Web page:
Bananas mashed: Barnstorming baseball team loses on the field but wins hearts of audience

When you think of North Carolina’s connection to sports, you likely think of basketball. After all, the Tar Heel State is home to NBA legend Michael Jordan and two of the nation’s premier college basketball programs.

However, a special guest may have proved that baseball is both on the rise and holds some serious staying power in the state in the years to come. 

This weekend, the Savannah Bananas, a traveling independent baseball team, brought their Banana Ball World Tour to Durham, playing a three-game weekend series at Durham Bulls Athletic Park in front of sellout crowds from April 12 to 14. The event comes on the back of a recent baseball buzz in the Triangle, as both Duke and UNC-Chapel Hill are having spectacular seasons to build on an already strong sporting tradition in the area.

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The Bananas made the transition from a regular club to one that prioritizes entertainment by playing games against their rival, the Party Animals, under a set of Banana Ball rules that alter the traditional structure of America’s favorite pastime.

Quirks of Banana Ball include a ban on walks and batters being allowed to steal first. Fans can get involved too — if a fan catches a foul ball, it’s automatically out. 

“I think it's just the energy and the tempo of the game,” said Party Animal Reece Hampton when asked how this style differs from traditional baseball. “It's so fast and so captivating for the crowd. You might look away for 10 seconds and you miss two plays.”

This alternative style appeals to a different demographic, including children and others who cannot quite sit through the length of a typical professional baseball game.

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In between regular play, both teams have choreographed dances and activities aimed at riling up the crowd while utilizing props such as stilts to engage the audience. 

“I think it really targets a different demographic. It's got kids fired up about the game of baseball, unlike anything in a really long time and makes it fun for them,” said Bananas third baseman Eric Jones Jr. “Anybody that really loves baseball, they can see the high level play that's going on out here on the field and I think they can appreciate that, so it's got something for everybody.”

This strategy seems to have paid off, as the game was filled with children and parents alike on their feet cheering and joining in on the various dances and cheers prompted by the teams.

While baseball games at DBAP usually consist of fans meandering into a mostly full stadium just a little while before game time, the two-hour contest was part of a day-long ordeal. From around 1 p.m. to first pitch at 7 p.m., the streets around the stadium were crawling with fans looking to buy merchandise and take in the scenes. 

By the time 5 p.m. rolled around, Very Important Bananas (VIBs) rushed in through the third-base entrance, entering to raucous applause from the players and a performance from the Banana Band. Some sprinted to secure the best seats possible, while others made a beeline to meet the players and get autographs on the field.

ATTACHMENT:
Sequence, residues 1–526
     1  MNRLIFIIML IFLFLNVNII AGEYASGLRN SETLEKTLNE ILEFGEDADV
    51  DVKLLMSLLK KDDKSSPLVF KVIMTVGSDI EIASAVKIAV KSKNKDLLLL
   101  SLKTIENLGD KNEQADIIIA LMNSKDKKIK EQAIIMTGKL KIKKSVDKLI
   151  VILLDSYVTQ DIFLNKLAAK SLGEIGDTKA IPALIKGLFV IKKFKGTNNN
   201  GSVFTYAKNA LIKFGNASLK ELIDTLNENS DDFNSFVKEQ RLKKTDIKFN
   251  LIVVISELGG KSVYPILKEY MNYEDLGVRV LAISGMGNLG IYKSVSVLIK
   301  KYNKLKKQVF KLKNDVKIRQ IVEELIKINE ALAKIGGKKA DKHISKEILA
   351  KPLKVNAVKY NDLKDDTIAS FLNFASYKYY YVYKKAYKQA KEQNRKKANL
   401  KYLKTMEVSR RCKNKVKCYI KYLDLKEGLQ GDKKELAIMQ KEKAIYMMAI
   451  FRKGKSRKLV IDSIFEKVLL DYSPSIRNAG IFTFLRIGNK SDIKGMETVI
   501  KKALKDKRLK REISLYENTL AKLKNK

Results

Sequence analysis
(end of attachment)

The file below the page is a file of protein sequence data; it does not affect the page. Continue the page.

Once the general admission gates opened 30 minutes later, the pull of Banana Ball was fully evident, as the seats quickly filled all the way out to Home Run Hill in the outfield and the majority of the fans donning their newly purchased Bananas or Party Animals merchandise.

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The Bananas and Party Animals are not just entertainers. The majority of the players on both rosters played collegiate baseball, with some even being selected in the MLB Draft. 

For a few select players, this weekend series in Durham had a little extra meaning to it, as the games were a homecoming of sorts for Jones and Noah Bridges on the Bananas and Hampton on the Party Animals. All three players grew up in North Carolina and played their college ball nearby as well, playing at Davidson College, UNC-Wilmington and UNC-Charlotte, respectively. 

While they are not playing the typical version of professional baseball, all three have bought into this new alternative style of the game, still utilizing their physical gifts while also tapping into their creative side. 

“I was kind of thinking back, I was like, wow. I was 12 years old, watching out here thinking this was the coolest thing that could be on a baseball field and now I'm down here,” Bridges said, reminiscing on coming to DBAP as a child. 

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The contests this weekend had 10,000 rowdy fans each night, building a sense of community and introducing a new group of supporters to the sport. As the Saturday contest wound down, the announcer asked attendees to pull out their phones and wave their flashlights along to “Yellow” by Coldplay with the players. Nearly everyone obliged, creating a magical experience for fans and players alike that showed just how powerful the effects of baseball can be.

“It's like it means the world to them; it's really for the fans,” Bridges said. “It's entertainment and it’s pretty cool.”

As baseball continues to shine this spring in Durham and beyond, the Bananas showed this weekend that there’s still room for another type of ball in the hoop state.


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